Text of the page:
Bahrain's Sunni rulers target Shiite mosques
The Bahraini regime has bulldozed dozens of Shiite mosques or other religious structures in the crackdown on a mainly Shiite opposition movement.
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Justice minister's perspective
Sheikh Khalid, the justice minister, brought Arabic language spreadsheets to a McClatchy interview stating the reasons for destruction as well as a book of records of the demolition program, complete with photographs. But he couldn't locate a reference to or photographs of Nwaidrat's Momen mosque in his briefing book, which listed all structures by number, not name.
He declined to provide a copy of the briefing book or the spreadsheet to McClatchy, saying they were "internal correspondence," and asked that no photograph be taken of him holding the briefing book.
Asked whether tearing down a long-standing, functioning place of worship would be viewed as a criminal offense in Bahrain, Sheikh Khalid appeared taken aback.
"If there is a fault or a mistake and [they] can prove it, the same place will be rebuilt in a much, much better shape," he later said.
And if they were operating under the law, why did the state demolition crews destroy the building after dark, when residents couldn't photograph the action?
"It is very difficult to do it in the morning. It is a kind of respect for people's psychology," Sheikh Khalid replied. "We were trying to put it in a way that it will not hurt he people. At least they do not see it while it is being demolished."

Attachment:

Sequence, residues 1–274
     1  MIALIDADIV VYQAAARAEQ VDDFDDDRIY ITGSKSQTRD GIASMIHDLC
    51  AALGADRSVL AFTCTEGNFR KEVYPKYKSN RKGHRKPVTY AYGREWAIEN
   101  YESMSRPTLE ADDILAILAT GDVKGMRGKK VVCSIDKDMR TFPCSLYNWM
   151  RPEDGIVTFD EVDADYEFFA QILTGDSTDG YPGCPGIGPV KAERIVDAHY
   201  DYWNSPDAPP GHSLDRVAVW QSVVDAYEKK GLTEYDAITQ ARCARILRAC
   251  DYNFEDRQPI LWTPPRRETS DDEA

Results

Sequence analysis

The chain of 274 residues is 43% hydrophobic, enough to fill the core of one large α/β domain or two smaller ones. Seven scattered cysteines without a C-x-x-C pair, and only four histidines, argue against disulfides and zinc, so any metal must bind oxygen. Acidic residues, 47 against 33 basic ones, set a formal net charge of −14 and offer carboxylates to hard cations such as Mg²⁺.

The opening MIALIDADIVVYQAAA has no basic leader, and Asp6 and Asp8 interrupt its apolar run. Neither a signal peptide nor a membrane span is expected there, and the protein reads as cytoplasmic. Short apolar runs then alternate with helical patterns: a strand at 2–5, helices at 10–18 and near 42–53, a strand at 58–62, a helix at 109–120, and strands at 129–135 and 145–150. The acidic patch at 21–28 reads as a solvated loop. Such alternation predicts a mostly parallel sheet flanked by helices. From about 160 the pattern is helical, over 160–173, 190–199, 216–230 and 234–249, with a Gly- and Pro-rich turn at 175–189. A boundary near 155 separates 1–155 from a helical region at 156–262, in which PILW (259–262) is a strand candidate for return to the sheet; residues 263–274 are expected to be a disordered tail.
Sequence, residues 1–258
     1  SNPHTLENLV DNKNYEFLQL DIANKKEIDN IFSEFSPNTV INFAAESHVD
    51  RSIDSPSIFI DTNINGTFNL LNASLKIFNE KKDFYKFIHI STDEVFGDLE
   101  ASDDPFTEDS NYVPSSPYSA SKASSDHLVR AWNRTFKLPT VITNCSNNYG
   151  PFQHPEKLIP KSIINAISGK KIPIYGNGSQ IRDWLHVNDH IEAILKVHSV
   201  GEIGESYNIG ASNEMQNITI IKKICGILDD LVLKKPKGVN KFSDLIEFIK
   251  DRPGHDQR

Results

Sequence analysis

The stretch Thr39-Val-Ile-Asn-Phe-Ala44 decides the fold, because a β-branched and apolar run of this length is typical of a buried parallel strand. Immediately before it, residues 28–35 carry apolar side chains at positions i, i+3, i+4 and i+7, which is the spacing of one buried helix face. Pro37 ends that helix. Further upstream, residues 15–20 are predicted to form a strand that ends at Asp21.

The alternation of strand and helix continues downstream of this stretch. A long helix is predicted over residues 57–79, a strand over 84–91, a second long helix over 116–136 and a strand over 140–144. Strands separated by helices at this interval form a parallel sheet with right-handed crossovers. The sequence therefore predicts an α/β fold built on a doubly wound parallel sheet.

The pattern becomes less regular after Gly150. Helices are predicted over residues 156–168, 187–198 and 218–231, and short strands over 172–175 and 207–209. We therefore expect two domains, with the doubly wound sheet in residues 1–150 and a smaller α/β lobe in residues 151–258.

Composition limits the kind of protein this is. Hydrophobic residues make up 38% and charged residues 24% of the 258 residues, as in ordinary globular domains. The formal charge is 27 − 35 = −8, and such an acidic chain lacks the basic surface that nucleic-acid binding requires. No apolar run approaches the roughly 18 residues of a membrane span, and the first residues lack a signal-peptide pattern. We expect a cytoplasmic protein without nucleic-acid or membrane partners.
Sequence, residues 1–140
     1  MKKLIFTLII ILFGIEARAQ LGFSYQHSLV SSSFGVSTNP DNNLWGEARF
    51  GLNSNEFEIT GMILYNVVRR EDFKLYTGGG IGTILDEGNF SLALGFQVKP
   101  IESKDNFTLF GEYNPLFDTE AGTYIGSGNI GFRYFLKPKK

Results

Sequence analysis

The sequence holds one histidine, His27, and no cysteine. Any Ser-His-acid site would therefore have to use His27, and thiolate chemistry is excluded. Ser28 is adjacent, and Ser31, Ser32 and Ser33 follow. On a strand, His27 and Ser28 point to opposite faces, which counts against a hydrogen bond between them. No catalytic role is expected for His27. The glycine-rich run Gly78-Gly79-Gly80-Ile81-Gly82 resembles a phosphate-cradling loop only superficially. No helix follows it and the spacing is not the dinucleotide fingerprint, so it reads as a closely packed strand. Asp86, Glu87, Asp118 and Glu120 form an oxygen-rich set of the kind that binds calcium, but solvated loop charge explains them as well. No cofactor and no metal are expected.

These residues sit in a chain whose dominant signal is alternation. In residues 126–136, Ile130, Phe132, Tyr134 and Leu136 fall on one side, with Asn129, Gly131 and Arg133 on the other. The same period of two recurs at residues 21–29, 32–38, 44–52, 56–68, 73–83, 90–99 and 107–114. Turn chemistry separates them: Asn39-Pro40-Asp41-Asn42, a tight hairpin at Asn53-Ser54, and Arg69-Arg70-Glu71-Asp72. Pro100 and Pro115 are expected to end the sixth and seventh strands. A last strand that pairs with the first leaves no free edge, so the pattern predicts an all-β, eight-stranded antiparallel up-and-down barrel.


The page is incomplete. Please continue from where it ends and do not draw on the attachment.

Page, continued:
Because the material he was provided didn't list mosques by name, the justice minister also couldn't say for sure whether other religious structures visited by McClatchy were old construction, new construction, legal or illegal, or on private or public land.
He said there had been 41 "procedures" against religious structures in Bahrain's capital, Manama, but in many instances, those taken down were just temporary structures. He could only point to two Sunni religious structures that had been taken down.
Sheikh Khalid himself had earlier stated publicly that Bahrain had approximately 600 religious structures, and only 10 percent had been demolished. But he declined to confirm that figure.
Every foreign resident and most Bahrainis contacted by McClatchy seemed deeply discouraged about the future of communal relations on this once-promising island, but Justice Minister Khalid disagreed.
"I think we've reached the maximum bottom we can reach," he said. "My conviction is that things will not get much worse." One day later, he chaired a press conference where he announced plans for the trial of 47 doctors and other medical personnel.
He was referring to the trials of 21 physicians who took part in the Nazi program to euthanize the mentally ill, retarded, and physically disabled or in medical experiments on patients without their permission.